You'll notice that I've mounted my rear rack in an unusual position. It's actually facing back and it's rotated toward the rear. The reason for this is that I try to get my loads nice and low if I can. I've been using this setup on the bike that I've been riding and I'm pleased with the results. The bike is more stable at low speeds. If I load the back too heavily, then I do get a tail-wagging-the-dog feeling. But it takes a heavy load to do that.

    The struts that run over the fender are made from some basic flat steel. 1/2 inch wide by 1/8 inch thick. They run up to a bracket on the seat tube made from 1 in x 1/8 inch steel. More of the 1/2 x 1/8 make up the struts that run from the upper chainstay to the legs of the rack. It's quite stiff and can take a load.

    On the front I made fender stays out of 1 in x 1/8 in steel. And I connected them using 1/2 x 1/8. This made up a frame that holds onto the front fender. That fender won't be getting caught in my front wheel.
    Front fender framework.jpg

    I also decided to make a real chain/axle adjuster.
    Axle adjuster 01.jpg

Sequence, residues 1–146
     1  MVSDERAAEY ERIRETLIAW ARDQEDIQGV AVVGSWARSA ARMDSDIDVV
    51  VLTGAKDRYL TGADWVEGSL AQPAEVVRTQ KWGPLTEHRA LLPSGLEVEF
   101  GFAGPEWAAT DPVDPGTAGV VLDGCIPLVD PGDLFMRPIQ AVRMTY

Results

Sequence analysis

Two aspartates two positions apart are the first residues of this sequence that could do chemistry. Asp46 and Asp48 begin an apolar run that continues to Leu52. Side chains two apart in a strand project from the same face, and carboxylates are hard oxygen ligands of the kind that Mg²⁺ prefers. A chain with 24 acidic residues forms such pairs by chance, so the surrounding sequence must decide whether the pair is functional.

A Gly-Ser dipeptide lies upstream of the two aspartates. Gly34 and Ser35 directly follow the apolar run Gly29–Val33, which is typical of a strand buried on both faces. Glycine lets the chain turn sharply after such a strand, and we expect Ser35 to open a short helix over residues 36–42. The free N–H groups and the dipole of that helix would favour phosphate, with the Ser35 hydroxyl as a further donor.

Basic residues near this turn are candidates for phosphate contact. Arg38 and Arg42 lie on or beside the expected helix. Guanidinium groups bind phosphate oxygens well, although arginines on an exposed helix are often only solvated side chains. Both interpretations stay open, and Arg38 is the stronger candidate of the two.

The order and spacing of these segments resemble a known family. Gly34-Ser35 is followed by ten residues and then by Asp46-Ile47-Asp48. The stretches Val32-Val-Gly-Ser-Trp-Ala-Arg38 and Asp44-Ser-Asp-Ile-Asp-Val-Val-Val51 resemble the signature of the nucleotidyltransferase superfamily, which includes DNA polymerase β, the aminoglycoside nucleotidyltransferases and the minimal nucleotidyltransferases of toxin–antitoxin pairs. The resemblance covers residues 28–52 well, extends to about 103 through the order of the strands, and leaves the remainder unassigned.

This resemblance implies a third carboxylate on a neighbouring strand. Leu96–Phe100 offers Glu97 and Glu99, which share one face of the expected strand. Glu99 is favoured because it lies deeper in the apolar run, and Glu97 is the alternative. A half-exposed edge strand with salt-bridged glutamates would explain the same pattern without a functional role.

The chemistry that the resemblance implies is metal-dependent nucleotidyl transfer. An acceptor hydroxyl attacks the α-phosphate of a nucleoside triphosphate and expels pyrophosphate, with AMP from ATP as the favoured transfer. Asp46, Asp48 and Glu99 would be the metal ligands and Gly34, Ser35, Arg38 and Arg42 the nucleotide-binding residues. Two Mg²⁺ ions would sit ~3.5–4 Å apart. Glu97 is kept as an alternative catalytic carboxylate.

Axle adjuster 02.jpg
  3. bluegoatwoods

    bluegoatwoods Well-Known Member

    And today I worked more on my front cargo carriers. They consist of a standard front basket plus those struts I mentioned earlier that are mounted down by the axle.
    front cargo mounts 01.jpg
    front cargo mounts 02.jpg
    front cargo mounts 03.jpg
    front cargo mounts 04.jpg
    front cargo mounts 05.jpg

    I've also been using this setup on my current bike. And it works really well. I have, in effect front panniers. But they're easy to take on and off. For that matter, they're easily replaceable. Cheap backpacks are easy to come by.

    And, once again, having the load nice and low is a blessing.
  4. bluegoatwoods

    bluegoatwoods Well-Known Member

    Here's a mock up pic.

    The basket is hanging kinda odd because I've removed some of those front rack pieces plus basket support struts and painted them. They're now hanging up to dry.

    But this pic gives a notion of what the bike'll end up looking like. bike mock up 12-14.jpg
  5. Timbone

    Timbone Active Member

    The fenders are a really good idea. You've found a good solution there!
  6. bluegoatwoods

    bluegoatwoods Well-Known Member

    Thank you, Timbone.

    Yes. Fenders are a real cause for concern on a motorized bike. If that front fender comes loose and gets caught in that wheel, the rider can do a face plant before he even knows what's happening.

    Fenders must be fastened really well. And they should be built like a fortress.

    If you refer back to my 'tribute' pics, the Victoria did that job right. The Gauja really did not.
  7. bluegoatwoods

    bluegoatwoods Well-Known Member

    In my last mock up pic I forgot to include one chain guard that's nearly ready. Just a little bit of cutting to fit is all that's needed.
    mock up 12-14 02.jpg
  8. bluegoatwoods

    bluegoatwoods Well-Known Member

    Engine drive train is now fitted and fastened down.

    engine drive train 01.jpg
    engine drive train 02.jpg